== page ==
Archaic

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archaic

[är′kā·ik]
(psychology)
Designating elements, largely unconscious, in the psyche which are remnants of humankind's prehistoric past and which reappear in dreams and other symbolic manifestations.

Archaic

Antiquated or old fashioned, but when used in connection with Greek architecture refers to a specific period, c. 600-500 B.C.

Archaic

 

an early stage in the historical development of any kind of phenomenon.

The term “archaic” is used primarily in art scholarship to designate the early period of ancient Greek fine art (seventh-sixth centuries B.C.). It refers to the time of the formation of monumental pictorial and architectural forms. During the archaic period the Doric and Ionic architectural orders came into being. The principal types of monumental sculpture were statues of naked athletic youths (kouros) and draped maidens (kore). In vase painting, the black-figured style reached its high point in the middle and the third quarter of the sixth century B.C., and the red-figured style around 530 B.C. Greek archaic art managed to attain certain humanistic traits and still preserve the integrity characteristic of a very old culture.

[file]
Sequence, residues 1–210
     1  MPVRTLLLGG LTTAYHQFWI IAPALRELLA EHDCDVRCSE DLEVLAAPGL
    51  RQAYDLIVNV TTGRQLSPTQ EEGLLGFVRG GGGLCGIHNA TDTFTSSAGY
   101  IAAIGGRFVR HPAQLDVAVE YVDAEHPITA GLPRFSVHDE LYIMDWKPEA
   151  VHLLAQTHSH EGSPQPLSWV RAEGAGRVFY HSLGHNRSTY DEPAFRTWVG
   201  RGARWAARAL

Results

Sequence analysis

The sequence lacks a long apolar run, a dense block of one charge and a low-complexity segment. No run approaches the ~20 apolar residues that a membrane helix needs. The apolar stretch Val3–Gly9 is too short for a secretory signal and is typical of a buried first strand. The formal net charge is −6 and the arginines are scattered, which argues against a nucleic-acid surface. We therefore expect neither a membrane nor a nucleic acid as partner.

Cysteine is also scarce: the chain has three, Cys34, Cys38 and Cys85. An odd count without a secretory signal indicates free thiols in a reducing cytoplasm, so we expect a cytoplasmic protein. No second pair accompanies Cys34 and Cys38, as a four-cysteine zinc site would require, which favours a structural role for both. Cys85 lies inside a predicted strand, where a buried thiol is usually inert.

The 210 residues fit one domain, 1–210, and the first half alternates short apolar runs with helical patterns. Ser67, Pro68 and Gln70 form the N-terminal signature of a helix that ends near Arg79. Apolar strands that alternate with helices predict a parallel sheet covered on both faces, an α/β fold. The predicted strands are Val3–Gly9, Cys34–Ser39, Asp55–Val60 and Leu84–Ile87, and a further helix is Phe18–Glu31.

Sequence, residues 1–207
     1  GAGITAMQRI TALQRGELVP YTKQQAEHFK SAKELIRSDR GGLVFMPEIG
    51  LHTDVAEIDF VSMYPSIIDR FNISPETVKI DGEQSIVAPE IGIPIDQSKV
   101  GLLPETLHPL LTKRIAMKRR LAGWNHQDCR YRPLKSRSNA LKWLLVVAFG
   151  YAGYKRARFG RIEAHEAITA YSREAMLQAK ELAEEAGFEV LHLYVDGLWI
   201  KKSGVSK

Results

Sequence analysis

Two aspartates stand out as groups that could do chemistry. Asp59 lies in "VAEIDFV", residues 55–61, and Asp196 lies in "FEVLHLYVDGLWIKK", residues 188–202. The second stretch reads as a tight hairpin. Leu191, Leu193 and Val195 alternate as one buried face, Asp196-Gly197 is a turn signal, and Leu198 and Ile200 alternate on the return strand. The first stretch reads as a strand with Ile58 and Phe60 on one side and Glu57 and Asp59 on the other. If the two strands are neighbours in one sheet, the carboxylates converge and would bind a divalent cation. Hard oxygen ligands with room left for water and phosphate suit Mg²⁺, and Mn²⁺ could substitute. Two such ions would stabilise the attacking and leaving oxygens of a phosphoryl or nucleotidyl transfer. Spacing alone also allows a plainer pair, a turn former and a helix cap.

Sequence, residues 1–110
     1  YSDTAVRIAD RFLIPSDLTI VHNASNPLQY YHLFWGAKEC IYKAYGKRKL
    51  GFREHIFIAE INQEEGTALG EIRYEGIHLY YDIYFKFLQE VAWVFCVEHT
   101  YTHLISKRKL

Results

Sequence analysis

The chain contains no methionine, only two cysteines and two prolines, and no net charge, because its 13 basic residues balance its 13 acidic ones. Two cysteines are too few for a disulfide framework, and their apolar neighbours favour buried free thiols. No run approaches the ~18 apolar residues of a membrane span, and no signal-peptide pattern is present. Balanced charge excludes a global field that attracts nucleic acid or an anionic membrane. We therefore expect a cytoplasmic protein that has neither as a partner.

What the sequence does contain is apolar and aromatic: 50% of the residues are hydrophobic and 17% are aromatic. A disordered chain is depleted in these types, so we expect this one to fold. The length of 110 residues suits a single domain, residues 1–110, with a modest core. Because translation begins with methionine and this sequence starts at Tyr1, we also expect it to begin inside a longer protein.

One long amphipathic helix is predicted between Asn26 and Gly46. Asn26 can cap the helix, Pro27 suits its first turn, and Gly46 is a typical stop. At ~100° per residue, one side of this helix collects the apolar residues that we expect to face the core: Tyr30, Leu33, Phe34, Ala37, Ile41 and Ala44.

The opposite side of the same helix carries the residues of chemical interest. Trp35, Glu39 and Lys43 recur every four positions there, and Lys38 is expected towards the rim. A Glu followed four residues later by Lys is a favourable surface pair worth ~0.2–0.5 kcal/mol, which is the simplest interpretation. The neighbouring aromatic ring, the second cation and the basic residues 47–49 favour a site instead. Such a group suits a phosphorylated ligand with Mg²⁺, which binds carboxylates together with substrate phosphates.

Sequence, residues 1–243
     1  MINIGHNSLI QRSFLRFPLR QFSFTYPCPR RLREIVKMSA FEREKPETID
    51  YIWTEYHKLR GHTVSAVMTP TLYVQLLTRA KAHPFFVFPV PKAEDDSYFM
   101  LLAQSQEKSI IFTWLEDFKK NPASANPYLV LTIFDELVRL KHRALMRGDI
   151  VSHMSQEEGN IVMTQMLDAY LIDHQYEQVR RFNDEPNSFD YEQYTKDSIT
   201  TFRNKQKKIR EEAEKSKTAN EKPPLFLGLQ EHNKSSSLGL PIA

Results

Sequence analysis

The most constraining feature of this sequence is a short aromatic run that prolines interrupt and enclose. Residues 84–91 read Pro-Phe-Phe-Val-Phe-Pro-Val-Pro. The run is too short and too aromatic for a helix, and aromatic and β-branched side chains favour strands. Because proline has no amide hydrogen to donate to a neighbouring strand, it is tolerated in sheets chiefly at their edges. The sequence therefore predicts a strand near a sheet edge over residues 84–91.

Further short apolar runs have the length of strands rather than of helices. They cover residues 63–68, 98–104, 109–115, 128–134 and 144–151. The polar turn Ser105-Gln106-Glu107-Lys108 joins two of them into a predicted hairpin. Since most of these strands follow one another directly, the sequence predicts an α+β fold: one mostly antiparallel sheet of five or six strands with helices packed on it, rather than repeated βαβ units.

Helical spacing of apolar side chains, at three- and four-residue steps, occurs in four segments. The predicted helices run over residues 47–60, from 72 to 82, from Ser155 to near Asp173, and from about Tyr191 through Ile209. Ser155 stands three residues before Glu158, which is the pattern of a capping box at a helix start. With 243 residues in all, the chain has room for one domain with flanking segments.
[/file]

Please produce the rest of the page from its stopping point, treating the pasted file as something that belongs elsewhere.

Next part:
REFERENCES

Iskusstvo stran i narodov mira, vol. 1. Moscow, 1962. Pages 553–60. (Encyclopedia.)
Vseobshchaia istoriia iskusstv, vol. 1. Moscow, 1956. Pages 161–80.